As Superprof’s aim is to bring together a tutor and a student, who are geographically close, geolocation is critical for its search engine. From the very first day, the French startup chose Google Maps Platform, geolocation services for two key reasons. Firstly, because users recognise Google Maps and feel reassured, but also because it is the only service that offers mapping that is just as precise in so many different countries. And as it happens, Superprof aims to expand worldwide.
Google Maps also offers features that no other platform offers. As soon as the user arrives on the site’s homepage, the interface asks them to enter a town, a district or an address in order to list the closest tutors on a map. This feature is provided by Maps Places API. Thanks to Maps Geocoding API, these addresses are converted into points on a map, and vice versa. Place Autocomplete API makes it easy to enter data for streamline and almost instantaneous results. The platform also uses Reverse Geocoding API to locate the student by converting geographical coordinates into postal addresses so that a tutor can know how far away the student is and decide on whether or not to accept the lesson.
” For us, using Web Geo Services was a good way of obtaining discounts on volumes and saving Google Maps credits by optimising lots of little things, for example, the number of characters sent via Place Autocomplete API. “
— Camille Lemardeley, Director of Operations at Superprof
In order to optimise the use of Google Maps Platform, the Director of Operations contacted Google who directed them to their official partner in France: Web Geo Services. “For us, using Web Geo Services was a good way of obtaining discounts on volumes and saving Google Maps credits by optimising lots of little things, for example, the number of characters sent via Place Autocomplete API”, says Camille Lemardeley.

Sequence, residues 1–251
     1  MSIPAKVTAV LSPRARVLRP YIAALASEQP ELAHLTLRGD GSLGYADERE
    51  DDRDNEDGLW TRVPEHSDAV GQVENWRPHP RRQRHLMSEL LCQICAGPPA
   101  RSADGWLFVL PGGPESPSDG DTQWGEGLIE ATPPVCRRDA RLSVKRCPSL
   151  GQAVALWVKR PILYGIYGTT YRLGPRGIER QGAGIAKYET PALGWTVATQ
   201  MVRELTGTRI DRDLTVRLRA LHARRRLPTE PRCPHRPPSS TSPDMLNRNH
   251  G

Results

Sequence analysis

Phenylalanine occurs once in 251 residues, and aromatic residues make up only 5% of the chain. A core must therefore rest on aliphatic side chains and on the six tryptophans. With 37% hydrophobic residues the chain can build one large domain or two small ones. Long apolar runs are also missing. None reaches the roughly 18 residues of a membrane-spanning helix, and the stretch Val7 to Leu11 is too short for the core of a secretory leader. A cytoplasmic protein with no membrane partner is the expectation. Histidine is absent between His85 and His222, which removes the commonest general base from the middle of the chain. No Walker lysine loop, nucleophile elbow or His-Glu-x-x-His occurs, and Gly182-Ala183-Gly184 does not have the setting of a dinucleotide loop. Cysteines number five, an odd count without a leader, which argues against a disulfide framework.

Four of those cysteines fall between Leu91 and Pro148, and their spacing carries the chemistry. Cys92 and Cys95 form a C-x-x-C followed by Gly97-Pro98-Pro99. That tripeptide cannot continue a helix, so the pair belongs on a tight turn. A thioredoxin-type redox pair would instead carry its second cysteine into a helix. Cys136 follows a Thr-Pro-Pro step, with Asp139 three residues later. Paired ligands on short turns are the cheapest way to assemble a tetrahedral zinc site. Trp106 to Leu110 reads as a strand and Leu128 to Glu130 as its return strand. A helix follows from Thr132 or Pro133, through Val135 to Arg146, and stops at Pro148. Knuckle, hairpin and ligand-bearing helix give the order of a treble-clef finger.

Superprof also uses Maps Places API in house to display data and facilitate the work of the support teams who sometimes have to put forward an alternative tutor for a student. Superprof’s teams and all of the platform’s users are extremely satisfied with Google Maps Platform. “We could use other services, but this would not work so well“, insists the Director of Operations.
Superprof is constantly improving its product, explains Camille Lemardeley: “A huge number of people want to offer lessons to a friend, or to a family member who wants to learn new things, so we are going to set up a gift card and kitty system.“ The French startup is also working on a more efficient and local payment system, according to each country. A mobile application is also being developed to offer users an even more streamline solution, obviously with the Google Maps APIs for anything concerning geolocation.